Paiste’s customary unveiling of new models at January’s NAMM show included additions to its PST X series.
Launched in 2015 under the banner ‘Unlimited Noise For Limited Budgets’, the range consists almost exclusively of effects and specialist cymbals. Along with more typical trashy offerings, the new models also include dedicated Cajon cymbals.
Something of an outlet for the more eye-catching and ear-shredding concepts that Paiste’s Sound Development team have dreamt up, PST X cymbals feature lesser-used alloys, such as aluminium and brass, as well as conventional bronze.
In keeping with their affordable status, PST X cymbals are manufactured in Switzerland through a method that Paiste describes as hybrid technology – ‘a combination of modern innovative methods and traditional hand craftsmanship’.
With the exception of one model (the Cajon Hats), all the new cymbals feature holes - and plenty of them - in various sizes and combinations. Two all-new Splash Stacks in diameters of 10"/8" and 12"/10" join the only existing PST X stack, the Flanger Stack. Unlike the Flanger Stack, which piggybacks its pair of cymbals the same way around, the Splash Stacks are mounted more in the manner of hi-hats so only the edges make contact (in fact, the edge of the bottom cymbal touches the bow of the top cymbal due to size difference).
The larger top cymbal is brass while the smaller bottom is made from 2002 bronze and sports an inverted bell. Holes are dotted around the mid-portion of the top cymbal while its bronze brother below is perforation-free. The two new models designed for accompanying a cajon are a pair of 12" hats and a 16" crash/all-rounder.
Cajons are increasingly popular in busking and unplugged environments and Paiste already markets cajon-specific cymbals (within its PST 8 series); the new PST X models provide ‘an improved response and a wider range of dynamics’. Both models are made from 2002 bronze and share the same brushed finish. A 20" Swiss Medium crash joins an established 18" model and is also made from 2002 bronze. The name Swiss is doubly apt as it not only alludes to the cymbal’s place of manufacture, but also to Switzerland’s famously hole-ridden Emmental cheese. And holes certainly are a feature... notwithstanding the obvious characteristics that so many holes impart, the fine brushed finish gives the Swiss Medium a slightly deceptive air of refinement.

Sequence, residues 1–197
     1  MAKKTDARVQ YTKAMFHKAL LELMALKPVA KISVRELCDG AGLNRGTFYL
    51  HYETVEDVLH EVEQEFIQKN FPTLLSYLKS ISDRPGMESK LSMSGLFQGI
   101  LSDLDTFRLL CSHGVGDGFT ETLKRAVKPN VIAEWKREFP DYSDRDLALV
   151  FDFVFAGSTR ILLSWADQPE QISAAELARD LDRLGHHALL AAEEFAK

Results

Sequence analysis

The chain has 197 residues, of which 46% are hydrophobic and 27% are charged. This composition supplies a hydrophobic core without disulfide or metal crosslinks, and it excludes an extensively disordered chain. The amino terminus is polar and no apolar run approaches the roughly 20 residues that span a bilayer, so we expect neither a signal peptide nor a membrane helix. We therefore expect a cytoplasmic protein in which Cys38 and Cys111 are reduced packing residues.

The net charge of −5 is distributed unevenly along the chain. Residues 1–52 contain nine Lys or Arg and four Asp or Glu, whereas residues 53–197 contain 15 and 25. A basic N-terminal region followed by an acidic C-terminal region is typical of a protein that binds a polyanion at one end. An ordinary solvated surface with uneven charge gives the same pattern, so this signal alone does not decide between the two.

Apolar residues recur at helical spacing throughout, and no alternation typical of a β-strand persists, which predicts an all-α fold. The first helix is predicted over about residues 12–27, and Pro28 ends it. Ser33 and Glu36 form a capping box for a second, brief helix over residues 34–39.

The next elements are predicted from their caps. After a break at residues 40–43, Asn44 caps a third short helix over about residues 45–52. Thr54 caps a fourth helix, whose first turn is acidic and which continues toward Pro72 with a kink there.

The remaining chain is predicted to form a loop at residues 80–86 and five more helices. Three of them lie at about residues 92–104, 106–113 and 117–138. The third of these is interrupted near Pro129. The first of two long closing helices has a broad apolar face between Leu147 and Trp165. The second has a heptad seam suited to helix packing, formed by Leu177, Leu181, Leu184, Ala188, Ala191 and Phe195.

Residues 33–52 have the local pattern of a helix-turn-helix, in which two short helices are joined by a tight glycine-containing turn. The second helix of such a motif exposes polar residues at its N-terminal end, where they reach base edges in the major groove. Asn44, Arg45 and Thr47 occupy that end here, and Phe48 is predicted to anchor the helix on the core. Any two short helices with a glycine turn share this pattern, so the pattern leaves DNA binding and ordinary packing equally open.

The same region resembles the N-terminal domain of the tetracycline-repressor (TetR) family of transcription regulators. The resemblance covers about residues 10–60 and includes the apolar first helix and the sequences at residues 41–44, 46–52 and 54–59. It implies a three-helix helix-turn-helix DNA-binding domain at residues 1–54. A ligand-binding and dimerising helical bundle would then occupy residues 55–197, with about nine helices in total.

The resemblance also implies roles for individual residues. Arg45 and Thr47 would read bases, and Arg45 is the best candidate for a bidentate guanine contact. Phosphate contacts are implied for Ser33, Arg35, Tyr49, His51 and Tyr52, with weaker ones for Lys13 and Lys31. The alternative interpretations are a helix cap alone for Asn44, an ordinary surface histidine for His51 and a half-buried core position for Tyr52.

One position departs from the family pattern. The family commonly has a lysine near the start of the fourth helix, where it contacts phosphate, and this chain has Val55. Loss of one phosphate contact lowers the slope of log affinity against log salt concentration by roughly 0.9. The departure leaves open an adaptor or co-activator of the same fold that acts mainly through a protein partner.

Setting the Splash Stacks up requires a cymbal stand with a generous threaded top and felts that err on the slender side due to the gap between the two components, despite the inverted bell of the bottom cymbal. Once in place they waste little time in delivering short, sharp slices of trashiness.
Somewhere between a choked splash and a processed hi-hat sound - albeit with their own individual twist - they reward pretty much any kind of sticking, from single or multiple accents through to patterns and beats. Tightening them down chokes the already instant decay even further; loosening them off finds a pleasing after buzz remaining for a few nanoseconds after the main note, but these type of cymbals are all about the whiplash-quick response. Choosing a favourite is difficult as both pairs work together really well, particularly for hand-to-hand patterns and accented fills.
With their 12" diameter the Cajon Hats are suitably quick and bright, though there is a smoothness to the top-end that gives them a pleasantly rounded note. They have been designed for acoustic situations and dynamically they fit the bill, projecting well without being overly assertive. Relaxing the pedal finds their response widening to a soft blur and stepping gives a feathery ‘chick’.
The accompanying 16" Cajon crash can be played with either sticks or hands. It sparkles with brightness, decays quickly when crashed and gives a clear - if fairly toppy - stick sound when ridden. The pattern of holes clustered around the bell brings a delicate spicing of trashiness. It’s a subtle cymbal but one that is surprisingly versatile. Moving up to the 20" Swiss Medium finds any subtlety blasted out of the window.
Combining the tonal attributes of a China and the playing characteristics of a big crash, what it lacks in manners it makes up for in sheer presence. Played tentatively, it almost hisses with menace, revealing a discordant note and fizzing decay. Crashing tears a hole in the backline while shouldering the bell is enough to rouse sleeping firefighters in the next town.
In a world of beta cymbals this is very much an alpha male - aggressive and dominating in any situation. While it is undoubtedly loud, its performance is not just down to the volume it’s capable of - the frequencies it produces play as big a part. It’s a brute of a crash, as abrasive as a squaddies’ night out and, without hearing protection, a guaranteed fastrack to tinnitus.